Upon exiting the die 18, the extrusion 20 is then texturized by a texturizer 22. This results in an extrusion with surface patterns similar to the grain patterns and imperfections of traditional wooden shakes. Because the extrusion 20 is texturized subsequent to exiting the extruder 16, the extrusion 20 is, although not necessarily in a completely viscous form, still malleable and retains the impressions made by the texturizer 22.
After the extrusion 20 has cooled, a slitter 24 will slit the extrusion 20 in a generally longitudinal direction. Preferably, the slitter will slit the extrusion 20 along the center such that two smaller extrusions are formed, each with a tapered cross section. The slitter 24 is more particularly depicted in FIG. 4. The slitter 24 could be any of a number of slitting mechanisms such as, but not limited to, a band saw, chop saw, circular saw, knife, or even a simple piece of material acting as a blade and placed downstream from the extruder 16 and in the path of the extrusion 20.
Further, a cutter 26 will cut each of the extrusions 20 in a generally transverse direction. The cutter 26 will be able to cut the extrusions with a rough edge, to simulate the look of traditional wooden shakes, or smooth edge. The cutter 26 may be moveable in any direction generally perpendicular to any surface of the extrusions 20. Preferably, a timer 28 will control the cutter 26 such that cuts are made when the timer 28 sends a signal to the cutter 26. When a signal is received, the cutter 26 will move, for example, in a vertical direction down to cut the extrusion 20 and then retract to an up position until the next signal from the timer 28 is given. The cutter 26 could be any of a number of cutting mechanisms such as, but not limited to, a band saw, chop saw, circular saw, or knife.
The timer 28 may be any number of devices used to store data such as, but not limited to, a computer, programmable logic controller, or any device having a memory.
The embodiment shown in FIG. 2 depicts a texturizer 22. The texturizer 22 may, but not need, be placed downstream from the extruder 16. The texturizer 22 will impress patterns 23 into a surface of the extrusion 20. The patterns will be to simulate those typically found on wooden shakes such as grain patterns and imperfections such as knots.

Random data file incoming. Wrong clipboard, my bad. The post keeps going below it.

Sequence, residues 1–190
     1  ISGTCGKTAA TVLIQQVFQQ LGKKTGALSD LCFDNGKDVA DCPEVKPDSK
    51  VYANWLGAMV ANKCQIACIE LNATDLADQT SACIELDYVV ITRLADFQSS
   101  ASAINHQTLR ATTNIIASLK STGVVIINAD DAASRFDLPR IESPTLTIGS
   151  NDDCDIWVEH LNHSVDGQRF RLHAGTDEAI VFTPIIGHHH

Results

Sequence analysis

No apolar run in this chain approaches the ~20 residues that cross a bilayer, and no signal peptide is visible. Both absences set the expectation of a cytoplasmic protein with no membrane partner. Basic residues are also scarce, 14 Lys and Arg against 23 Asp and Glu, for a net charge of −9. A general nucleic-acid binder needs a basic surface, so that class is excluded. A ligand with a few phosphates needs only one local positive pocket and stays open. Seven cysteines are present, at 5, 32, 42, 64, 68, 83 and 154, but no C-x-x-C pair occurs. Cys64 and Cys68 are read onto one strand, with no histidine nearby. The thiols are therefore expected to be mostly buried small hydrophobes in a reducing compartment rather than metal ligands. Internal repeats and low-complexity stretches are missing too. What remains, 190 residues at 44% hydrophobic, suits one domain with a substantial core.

The preferred embodiment will have a set of upper rollers 40 a and lower rollers 40 b. The rollers 40 a and 40 b simultaneously impress patterns into the surface and shape both the top and bottom of the extrusion 20 as it passes between said rollers 40 a and 40 b. For impressing large quantities of different types of patterns in the surface, larger diameter rollers may be used for there is more rolling area upon which to put more patterns.
In the alternative, a device for impressing patterns may be separate from the rollers 40 a and 40 b. Another embodiment would dispense with the use of rollers 40 a and 40 b entirely and use other means of shaping the extrusion 20 such as a secondary die.
The embodiment depicted in FIG. 3 shows the die 18 found in the extruder 16. The die 18 depicts an orifice 42 with a tapered configuration. This orifice 42 is through which the viscous mass flows, producing an extrusion 20 whose configuration is likewise tapered. In the preferred embodiment, the extrusion 20 will have its center 52 thicker than its edges 54 and be tapered on only one side of the extrusion 20. Upon exiting the extruder 16, the extrusion 20 is generally complete in two dimensions and needs only to be cut in order to produce finished tapered shakes 30.
In an alternative embodiment depicted in FIG. 6, the extrusion 20 may be tapered on both sides. Such an embodiment would strengthen the shake 30 and create a varied appearance. To accomplish this tapered configuration, the orifice 42 would also have to be tapered on both sides.
Alternatively, the extruder would include several dies 18 and each die would have a different configuration. This would enable shakes of different cross sections and shapes to be made simultaneously. In this manner, the continuous process for making shakes would be greatly improved for the apparatus is more efficient and versatile.